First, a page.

Spica and Arcturus

If you were to step outside on a clear night and look up, you would be hard-pressed to miss Spica and Arcturus. They are among our sky’s 20 brightest stars and they appear in a diagonal line, very close to one another. Often, if you happen upon one, you are bound to see the other not too far away.

In fixed star literature, any relationship between these stars goes largely unmentioned, especially as they are part of different constellations. It wasn’t until I came upon their Arabic names that I even considered them a pair. Arcturus used to be known as al-simāk al-rāmiḥ, “The Uplifted One with a Lance,” while Spica was al-simāk al-ā‘zal, “The Unarmed Uplifted One.” It is clear that both of these stars have a sacred, “uplifted” meaning, but whereas Arcturus is defended, Spica has no sword to protect it. Upon further research into their classic significations, their relationship to each other began to unfold.

I will discuss the meaning of each star on their own and then unpack why these stars deserve to be seen as a pair. I hope to invite you into a deeper relationship with these two stars and the dynamics they represent. Although they are grand energies, the stars also reflect our own lives. By studying them, may we better understand ourselves.

Spica is a white binary star in the ear of wheat held in the hand of the Virgo constellation. Before the zodiac was recognized, this constellation was most often associated with the universal Goddess “and is considered by some astronomers to be over 15,000 years old in human awareness.” (1) The Milky Way was said to have formed from the grains that dropped from Spica’s wheat sheaf. The star retains this agricultural imagery in astrology: Manilius says that when this star is rising, “it engenders a love of fields and of agriculture.” (2) He describes the actions of such a native: “putting the corn beneath the rock which will crush it, he will turn over it the upper millstone, moisten the flour and bake it at the hearth; he will prepare men’s daily food and mould the selfsame substance into a host of different shapes.” (3)

Here we see that Spica is not just about agriculture but the process of turning crops into something for human consumption. “Upon him whose strength is perchance enfeebled by toil,” Manilius explains, “it bestows skill in occupations without which there would be no bread or any benefit from the grain.” (4) As our culture has moved away from solely agrarian forms of work and consumption, Spica’s contemporary meaning shifts to include whatever turns raw material into something useful.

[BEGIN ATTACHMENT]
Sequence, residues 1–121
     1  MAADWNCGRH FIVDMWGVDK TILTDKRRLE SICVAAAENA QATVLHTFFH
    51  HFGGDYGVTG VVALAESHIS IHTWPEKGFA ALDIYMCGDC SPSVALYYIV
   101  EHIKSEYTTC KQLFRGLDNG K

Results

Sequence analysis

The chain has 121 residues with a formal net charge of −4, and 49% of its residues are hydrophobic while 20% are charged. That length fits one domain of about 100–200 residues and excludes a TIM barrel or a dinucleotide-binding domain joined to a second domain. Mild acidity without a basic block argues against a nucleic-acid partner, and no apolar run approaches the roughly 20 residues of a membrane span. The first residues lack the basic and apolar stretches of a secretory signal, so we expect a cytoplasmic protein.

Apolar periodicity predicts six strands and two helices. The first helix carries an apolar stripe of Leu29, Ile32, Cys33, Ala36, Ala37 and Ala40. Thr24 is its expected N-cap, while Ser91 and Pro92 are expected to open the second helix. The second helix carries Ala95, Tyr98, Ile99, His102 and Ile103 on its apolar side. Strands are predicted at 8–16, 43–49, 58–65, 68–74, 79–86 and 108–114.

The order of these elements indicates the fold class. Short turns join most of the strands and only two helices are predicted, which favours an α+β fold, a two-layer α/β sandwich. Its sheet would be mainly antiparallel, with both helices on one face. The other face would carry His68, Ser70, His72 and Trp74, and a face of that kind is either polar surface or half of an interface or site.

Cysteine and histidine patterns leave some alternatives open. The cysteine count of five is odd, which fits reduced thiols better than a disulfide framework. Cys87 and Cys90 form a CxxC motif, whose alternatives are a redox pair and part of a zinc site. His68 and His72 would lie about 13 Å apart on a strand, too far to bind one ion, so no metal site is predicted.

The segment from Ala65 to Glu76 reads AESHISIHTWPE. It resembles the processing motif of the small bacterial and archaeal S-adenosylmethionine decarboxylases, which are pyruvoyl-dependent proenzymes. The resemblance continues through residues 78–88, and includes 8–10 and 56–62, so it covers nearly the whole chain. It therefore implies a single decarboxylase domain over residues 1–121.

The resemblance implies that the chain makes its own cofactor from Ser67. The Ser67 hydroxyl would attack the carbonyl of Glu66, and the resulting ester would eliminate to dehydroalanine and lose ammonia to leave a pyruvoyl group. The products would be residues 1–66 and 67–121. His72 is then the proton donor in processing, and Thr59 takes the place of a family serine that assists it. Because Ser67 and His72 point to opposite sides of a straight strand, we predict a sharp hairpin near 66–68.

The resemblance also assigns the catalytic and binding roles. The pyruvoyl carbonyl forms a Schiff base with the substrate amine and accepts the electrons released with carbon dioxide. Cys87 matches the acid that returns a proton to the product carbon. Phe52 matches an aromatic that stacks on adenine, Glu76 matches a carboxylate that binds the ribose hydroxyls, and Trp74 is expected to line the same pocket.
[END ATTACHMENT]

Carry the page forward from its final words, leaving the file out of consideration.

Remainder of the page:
Brady associates Spica with “gifts to humankind,” or more specifically, “knowledge and insights which are respected,” most often for being useful in some way to the human world. (5) She sees “potential for brilliance in whatever it touches in a chart.”(6)

Multiple texts also point to the goddess imagery of Virgo, Spica’s constellation. Manilius likens the kernels of an ear of corn (another image often tied to Spica) to paneled ceilings or cells, and thus relates this star to “a man who carves panelled(sic) ceilings in the sacred temples, creating a second heaven in the Thunderer’s abode.” (7)

Anonymous 379 says that Spica “makes hierophants, greatly honored priests, philosophers,” and “interpreters of certain sacred rites.” (8) If a woman is born when Spica is prominent, “it makes priestesses of the goddesses Demeter (or Meter), Persephone or Isis, or experts in hierophantic matters, mysteries, or sacrifices.” (9) Spica represents the potential for a connection with the sacred and shows an affinity with both skills of the earth and skills of spirit. Indeed, who else but the gods bestow us with such talents?

Arcturus is part of the Bootes constellation. While not as ancient as Virgo’s imagery, the existence of this constellation dates back 3,000 years. The figure is of a man who holds a sword in one hand and a plow in another — a hunter who also farms. Arcturus is the third-brightest star in the sky, which accounts for its inclusion in virtually all star-related literature throughout history.

Brady traces its usage to the harvest calendar “as its acronychal and heliacal risings once corresponded to the important dates in the farming year.” (10) Around 700 BCE Hesiod wrote that when “rosy-fingered Dawn looks upon Arcturus, then, Perses, gather your grapes and bring them home.” (11) But there’s a sense with this star of being on the hinge between worlds. The Athenians saw him as a “leader of his people who, having fallen on difficult times, invented the plow, which he used to ease his labors.” (12) We see agriculture being highlighted as a tool used for the ease and advancement of humanity. More specifically, Arcturus is the bridge between the old and the new, as well as the ability to see novel solutions where others can’t. Brady, then, connects this star to “guarding, learning, teaching, leading-leading and protecting people as they embrace a new lifestyle.” (13) While Spica’s gifts have a divine tinge, the gifts of Arcturus are decidedly more terrestrial, often responding to human need and investing in what advances humanity.

Oftentimes, Arcturus cannot even claim ownership over its gifts. Of those born under this star, Manilius says “fortune herself makes bold to entrust her treasures, so that the wealth of monarchs and temple finances will be in their keeping.” (14) What Arcturus possesses, it does not truly own. but is looking after for someone or something more powerful. The word “stewardship” comes to mind for this star; it identifies something precious and gives itself the responsibility to take care of and protect it.

The path of such stewardship can be a stormy one. Indeed, many seamen and farmer s saw Arcturus as a portent for heavy rains and destructive storms, in part due to its tawny color. Anonymous 379 says this star is of the nature of Jupiter and Mars and that is makes its natives “independent, outspoken, contentious…likely to overcome, the scourge of their enemies, with many possessions and great wealth, great-souled and honor-loving, but not always coming to a good end” as well as “fond of hunting and of horses.” (15) There is a desire to plunge into the heart of things and use one’s will to reach victory, though this process necessitates a struggle. But, with the influence of Jupiter, when a proper belief or cause is the impetus for Arcturus’s use of its weapon, success can be achieved. What is a worthy cause? I believe the pairing of Spica and Arcturus can help answer that question.